The insurance industry is largely process-driven and many of these processes require a significant human intervention. These processes include selling, evaluating, analyzing, processing, and activating, policies; customer service and management; receiving, validating, processing or rejecting of claims; and finally settling claim related disputes. Most of these processes are still mostly manual and require a lot of data to be captured, analyzed and processed based on set rules. The data, of course, needs to be updated regularly, should be kept safe, and should be processed accurately, for these processes to work smoothly. This significant dependence on the human workforce, and ever-increasing size and types of data, has brought in several inefficiencies into the system.  These inefficiencies are a result of errors, duplication, misinformation, incorrect evaluation, and even corruption.

With this context, we are not surprised that several insurance companies are experimenting with the blockchain technology. With properties such as security, transparency, immutability, audit-ability, and smart contracts, this technology can potentially address a lot of problems the industry is facing.

The adoption of blockchain in the insurance industry took off in the second half of 2017 when a couple of projects were commercialized. Several industry stakeholders are participating in the blockchain journey now, and have initiated enterprise blockchain projects for a variety of applications such as KYC and information sharing, healthcare data sharing, claim settlements, catastrophe bond swaps, motor insurance, and flight delay insurance, among others.

Some of the major benefits that the stakeholders can derive from the implementation of blockchain technology are:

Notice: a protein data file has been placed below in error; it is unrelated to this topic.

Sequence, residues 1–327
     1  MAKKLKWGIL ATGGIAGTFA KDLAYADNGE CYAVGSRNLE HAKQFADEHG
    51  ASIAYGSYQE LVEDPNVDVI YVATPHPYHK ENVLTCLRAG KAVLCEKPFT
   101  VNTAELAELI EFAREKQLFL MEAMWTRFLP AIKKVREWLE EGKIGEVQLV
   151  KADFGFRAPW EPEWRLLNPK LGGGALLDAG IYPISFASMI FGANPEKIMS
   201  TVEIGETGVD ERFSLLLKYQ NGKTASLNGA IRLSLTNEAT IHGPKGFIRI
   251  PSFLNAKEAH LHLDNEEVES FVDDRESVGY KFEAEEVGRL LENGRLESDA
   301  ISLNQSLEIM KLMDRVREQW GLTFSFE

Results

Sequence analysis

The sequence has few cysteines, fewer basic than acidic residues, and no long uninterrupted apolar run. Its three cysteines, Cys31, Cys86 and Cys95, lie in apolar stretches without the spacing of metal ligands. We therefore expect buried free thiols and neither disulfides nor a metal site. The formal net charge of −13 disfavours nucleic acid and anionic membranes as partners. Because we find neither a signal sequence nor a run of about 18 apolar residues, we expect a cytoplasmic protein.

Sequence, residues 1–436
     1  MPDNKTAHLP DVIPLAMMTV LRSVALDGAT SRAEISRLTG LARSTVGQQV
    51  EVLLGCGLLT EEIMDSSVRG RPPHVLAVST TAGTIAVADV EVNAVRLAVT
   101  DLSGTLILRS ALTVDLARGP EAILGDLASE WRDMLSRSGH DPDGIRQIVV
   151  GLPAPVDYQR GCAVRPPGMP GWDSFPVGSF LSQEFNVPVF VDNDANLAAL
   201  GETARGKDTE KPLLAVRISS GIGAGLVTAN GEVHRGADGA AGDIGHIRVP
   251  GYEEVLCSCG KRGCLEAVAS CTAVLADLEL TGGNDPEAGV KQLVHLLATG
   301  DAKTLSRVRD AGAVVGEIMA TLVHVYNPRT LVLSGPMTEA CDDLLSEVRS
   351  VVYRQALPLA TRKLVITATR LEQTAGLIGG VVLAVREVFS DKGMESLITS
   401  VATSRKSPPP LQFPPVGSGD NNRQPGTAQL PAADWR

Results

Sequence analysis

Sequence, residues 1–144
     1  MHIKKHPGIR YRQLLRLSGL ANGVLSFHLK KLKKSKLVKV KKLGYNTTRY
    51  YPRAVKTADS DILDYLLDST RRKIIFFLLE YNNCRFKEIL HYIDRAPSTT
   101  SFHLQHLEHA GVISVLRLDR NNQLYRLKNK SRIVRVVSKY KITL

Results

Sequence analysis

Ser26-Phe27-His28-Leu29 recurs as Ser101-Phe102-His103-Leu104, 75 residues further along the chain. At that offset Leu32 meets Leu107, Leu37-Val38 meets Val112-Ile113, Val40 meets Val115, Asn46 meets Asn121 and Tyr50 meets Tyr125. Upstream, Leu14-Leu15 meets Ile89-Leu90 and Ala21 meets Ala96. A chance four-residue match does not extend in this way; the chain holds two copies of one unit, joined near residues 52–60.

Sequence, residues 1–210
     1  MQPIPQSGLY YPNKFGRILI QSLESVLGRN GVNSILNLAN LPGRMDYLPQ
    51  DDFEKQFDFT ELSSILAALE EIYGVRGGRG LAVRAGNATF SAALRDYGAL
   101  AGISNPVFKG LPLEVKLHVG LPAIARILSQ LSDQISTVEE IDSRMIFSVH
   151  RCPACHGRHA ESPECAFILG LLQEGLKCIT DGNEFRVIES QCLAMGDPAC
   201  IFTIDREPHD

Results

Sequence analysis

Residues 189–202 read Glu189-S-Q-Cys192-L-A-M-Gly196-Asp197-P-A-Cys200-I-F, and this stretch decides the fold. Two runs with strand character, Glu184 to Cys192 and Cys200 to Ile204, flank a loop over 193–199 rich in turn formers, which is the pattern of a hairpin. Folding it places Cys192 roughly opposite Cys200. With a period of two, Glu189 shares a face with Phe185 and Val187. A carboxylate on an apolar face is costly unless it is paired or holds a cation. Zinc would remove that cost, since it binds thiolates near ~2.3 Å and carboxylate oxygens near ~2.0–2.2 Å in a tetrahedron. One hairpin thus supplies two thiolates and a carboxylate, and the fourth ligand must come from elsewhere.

• Information sharing will be easier and faster among the insurers, which will save time and cost.
  • Proving the validity of insurance will be easier for the customers.
  • Control fake and duplicate documentation.
  • Reissuance of insurance will be easier as verifications will take very little time.
  • Claim settlements will be faster and easier. The duration can be reduced to hours instead of days or weeks.
  • Subrogation can be streamlined and will help the insurance organizations get their funds faster.
  • Paperwork can be reduced throughout the industry, driving efficiency and positive environmental impact.

Several organizations have come together and formed various consortia to cut costs and develop the solutions faster. It is also encouraging to see that besides the insurance companies some insurance regulators are also proactively participating in these consortia. This should allow many solutions that are commercialized, to be widely approved, well regulated and accepted.

We also see a strong potential of integrating some elements of artificial intelligence, especially RPA into the blockchain driven applications, as some of the organizations are already experimenting on these lines. After having been disrupted somewhat, by the emergence of e-insurers and insurance aggregators, the traditional insurance companies look all set to embrace transformative emerging technologies, and by the look of things, blockchain seems to be one strong weapon in their arsenal.

If we look at the geographic split of enterprise blockchain adoption, Asia comfortably leads Europe and Americas. Japan and India are contributing to higher adoption in Asia. However, the USA remains the single largest adopter of the technology as far as individual countries are concerned.

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